how to develop the ingredients for “success”
in addition to technical skills schools impart?
How to develop a child’s
self-confidence
critical acumen
open-mindedness
compassion
sense of responsibility
stamina
sense of proportion
interest in and respect for life
and the joy of appreciation and wonder?
lokuohsiung
My daughter is 6 years old and goes to what is considered a top-tier government primary school. She receives on average 4 to 6 homework assignments every day, and takes two or more tests each week. She has no time to play or watch TV. She frequently stays up past 10pm to finish her assignments, corrections and studies. The bulk of her weekends are spent revising for the next week's tests. I can't imagine how her teachers find time to do any real teaching between all the assessments. They claim we need to do better as parents to prepare our daughter for classes, but I'm wondering if we shouldn't simply swap titles.
If after school tutoring is needed to simply keep up with the syllabus, I have to wonder why these teachers are still employed if they cannot adequately prepare their students for their own tests without outside help.
And if I ever met the Hong Kong Secretary of Education, I'd be sorely tempted to throw an egg at his head. No, forget that. I'd beat his **** with a two-by-four.
hars
If a child wants a professional career, e.g. doctor, dentist, lawyer, accountant, engineer, etc., he/she has no choice but must excel academically, regardless in Asia, Europe, or North America. I have been mentoring over hundreds of engineers and doctors in North America. Most of them tell me that their first educators/tutors are their parents and/or older siblings. In addition, they are encouraged to attend Ivy League schools, not because of better teachers, but their long academic traditions. I think most of the parents in Hong Kong delegate their responsibility of tutoring their children to private tutors, like Ms. Kelly Yang. In fact, the academic success of the children is the consequence of good parenthood and not be afraid of writing many examinations. This is a "both/and" not "either/or" issue.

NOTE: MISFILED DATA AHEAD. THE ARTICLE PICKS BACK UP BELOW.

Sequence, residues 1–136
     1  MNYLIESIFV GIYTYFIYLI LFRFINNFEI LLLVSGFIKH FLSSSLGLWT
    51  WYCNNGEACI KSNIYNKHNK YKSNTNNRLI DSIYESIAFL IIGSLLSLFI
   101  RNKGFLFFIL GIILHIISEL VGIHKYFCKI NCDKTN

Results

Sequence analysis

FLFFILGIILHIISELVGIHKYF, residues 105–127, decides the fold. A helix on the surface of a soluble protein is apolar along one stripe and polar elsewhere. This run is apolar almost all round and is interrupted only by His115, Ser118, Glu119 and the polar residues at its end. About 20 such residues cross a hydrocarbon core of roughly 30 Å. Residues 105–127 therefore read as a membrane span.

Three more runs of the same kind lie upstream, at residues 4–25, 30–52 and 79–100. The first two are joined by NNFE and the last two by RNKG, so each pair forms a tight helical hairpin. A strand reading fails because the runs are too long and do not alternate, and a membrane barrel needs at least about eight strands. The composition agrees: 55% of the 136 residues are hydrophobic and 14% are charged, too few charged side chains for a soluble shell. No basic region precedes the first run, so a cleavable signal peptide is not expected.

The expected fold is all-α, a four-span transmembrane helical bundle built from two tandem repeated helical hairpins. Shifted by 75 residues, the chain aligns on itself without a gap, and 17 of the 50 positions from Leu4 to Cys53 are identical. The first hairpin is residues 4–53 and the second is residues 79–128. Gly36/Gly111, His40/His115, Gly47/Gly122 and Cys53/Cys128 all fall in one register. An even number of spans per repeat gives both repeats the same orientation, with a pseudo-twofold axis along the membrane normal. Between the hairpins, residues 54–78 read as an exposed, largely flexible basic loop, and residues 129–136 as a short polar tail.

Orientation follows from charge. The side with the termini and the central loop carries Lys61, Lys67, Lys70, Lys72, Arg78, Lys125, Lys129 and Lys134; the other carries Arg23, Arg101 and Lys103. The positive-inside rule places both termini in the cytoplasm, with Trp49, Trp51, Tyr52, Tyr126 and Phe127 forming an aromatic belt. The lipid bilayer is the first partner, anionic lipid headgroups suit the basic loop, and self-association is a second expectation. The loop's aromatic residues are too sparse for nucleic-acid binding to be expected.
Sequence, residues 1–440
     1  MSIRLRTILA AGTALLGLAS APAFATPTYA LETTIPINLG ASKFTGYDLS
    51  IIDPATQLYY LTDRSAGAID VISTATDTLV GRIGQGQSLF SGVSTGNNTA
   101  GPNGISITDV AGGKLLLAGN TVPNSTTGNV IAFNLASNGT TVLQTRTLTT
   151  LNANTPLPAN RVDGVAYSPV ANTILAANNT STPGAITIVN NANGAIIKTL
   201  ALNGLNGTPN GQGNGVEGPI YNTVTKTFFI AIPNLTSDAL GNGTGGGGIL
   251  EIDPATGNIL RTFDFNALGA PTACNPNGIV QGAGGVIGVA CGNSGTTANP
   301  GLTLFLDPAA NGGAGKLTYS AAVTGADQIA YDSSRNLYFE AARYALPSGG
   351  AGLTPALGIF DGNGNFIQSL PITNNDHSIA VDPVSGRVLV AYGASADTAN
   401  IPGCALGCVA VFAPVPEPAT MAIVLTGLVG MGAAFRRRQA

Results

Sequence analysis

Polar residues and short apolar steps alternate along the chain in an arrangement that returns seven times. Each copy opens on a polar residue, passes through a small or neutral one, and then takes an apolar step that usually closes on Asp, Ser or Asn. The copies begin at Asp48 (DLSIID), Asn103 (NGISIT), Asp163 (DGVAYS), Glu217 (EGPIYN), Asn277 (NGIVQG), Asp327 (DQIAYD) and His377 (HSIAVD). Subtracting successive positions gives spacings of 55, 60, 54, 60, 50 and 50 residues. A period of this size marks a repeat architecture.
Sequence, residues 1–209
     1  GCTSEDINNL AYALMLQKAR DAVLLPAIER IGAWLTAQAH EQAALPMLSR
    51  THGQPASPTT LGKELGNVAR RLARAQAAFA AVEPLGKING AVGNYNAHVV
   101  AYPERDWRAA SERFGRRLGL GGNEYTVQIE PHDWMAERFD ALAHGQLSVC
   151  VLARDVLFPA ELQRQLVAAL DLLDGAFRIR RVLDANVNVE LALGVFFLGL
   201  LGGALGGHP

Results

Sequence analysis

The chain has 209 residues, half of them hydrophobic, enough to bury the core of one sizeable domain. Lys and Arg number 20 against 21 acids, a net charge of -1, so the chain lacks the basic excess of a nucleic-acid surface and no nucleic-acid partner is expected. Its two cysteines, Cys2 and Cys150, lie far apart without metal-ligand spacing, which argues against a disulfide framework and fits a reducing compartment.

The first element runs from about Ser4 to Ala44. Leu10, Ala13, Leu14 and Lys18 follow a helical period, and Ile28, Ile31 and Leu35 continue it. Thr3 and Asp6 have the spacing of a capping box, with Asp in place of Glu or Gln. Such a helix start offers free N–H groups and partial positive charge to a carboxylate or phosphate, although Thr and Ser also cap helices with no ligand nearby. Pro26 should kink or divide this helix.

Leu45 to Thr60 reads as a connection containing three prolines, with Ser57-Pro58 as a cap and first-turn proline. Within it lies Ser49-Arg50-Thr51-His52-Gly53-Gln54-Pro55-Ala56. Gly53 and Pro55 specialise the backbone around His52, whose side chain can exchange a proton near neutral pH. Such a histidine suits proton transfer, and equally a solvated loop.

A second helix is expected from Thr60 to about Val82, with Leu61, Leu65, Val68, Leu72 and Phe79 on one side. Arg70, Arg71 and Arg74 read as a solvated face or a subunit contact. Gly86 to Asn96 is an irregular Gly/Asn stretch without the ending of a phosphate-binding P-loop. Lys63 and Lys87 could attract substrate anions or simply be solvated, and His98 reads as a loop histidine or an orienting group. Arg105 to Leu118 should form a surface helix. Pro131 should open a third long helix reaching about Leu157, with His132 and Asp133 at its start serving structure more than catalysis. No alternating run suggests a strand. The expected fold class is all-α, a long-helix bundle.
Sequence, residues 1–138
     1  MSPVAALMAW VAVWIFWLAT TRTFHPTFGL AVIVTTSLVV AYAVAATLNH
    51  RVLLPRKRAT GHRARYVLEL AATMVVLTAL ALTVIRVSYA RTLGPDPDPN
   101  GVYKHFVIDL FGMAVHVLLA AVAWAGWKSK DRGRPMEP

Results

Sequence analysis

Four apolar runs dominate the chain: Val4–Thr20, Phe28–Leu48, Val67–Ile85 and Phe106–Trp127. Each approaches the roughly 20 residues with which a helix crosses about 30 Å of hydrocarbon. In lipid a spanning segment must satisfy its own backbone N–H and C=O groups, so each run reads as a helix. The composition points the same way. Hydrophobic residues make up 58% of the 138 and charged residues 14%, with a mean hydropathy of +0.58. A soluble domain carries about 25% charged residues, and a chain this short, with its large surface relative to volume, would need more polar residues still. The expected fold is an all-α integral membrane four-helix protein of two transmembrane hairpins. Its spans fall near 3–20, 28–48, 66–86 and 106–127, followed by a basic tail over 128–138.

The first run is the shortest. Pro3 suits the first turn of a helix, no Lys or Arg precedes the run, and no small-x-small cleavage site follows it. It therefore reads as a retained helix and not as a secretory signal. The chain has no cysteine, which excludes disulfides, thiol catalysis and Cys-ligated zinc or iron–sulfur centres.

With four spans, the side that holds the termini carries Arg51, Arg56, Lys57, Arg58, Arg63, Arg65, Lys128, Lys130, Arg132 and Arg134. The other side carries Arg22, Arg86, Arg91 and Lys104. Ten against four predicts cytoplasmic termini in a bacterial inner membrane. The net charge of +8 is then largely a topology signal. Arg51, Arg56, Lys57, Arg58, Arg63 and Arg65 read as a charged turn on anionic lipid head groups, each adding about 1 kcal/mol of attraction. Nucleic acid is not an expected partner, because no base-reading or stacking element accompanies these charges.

By the way, if you want to know the importance of parent's tutoring, please study the Hippocratic Oath sworn by the medical graduates in their convocations.
kctony
...a child wants a professional career? A child?
mercedes2233
Hars means parents who want their children to have professional careers.
hars
The United Nations Convention on the Rights of the Child defines a child as "a human being below the age of 18 years unless under the law applicable to the child, majority is attained earlier".[5] This is ratified by 192 of 194 member countries. (From: wikipedia.org)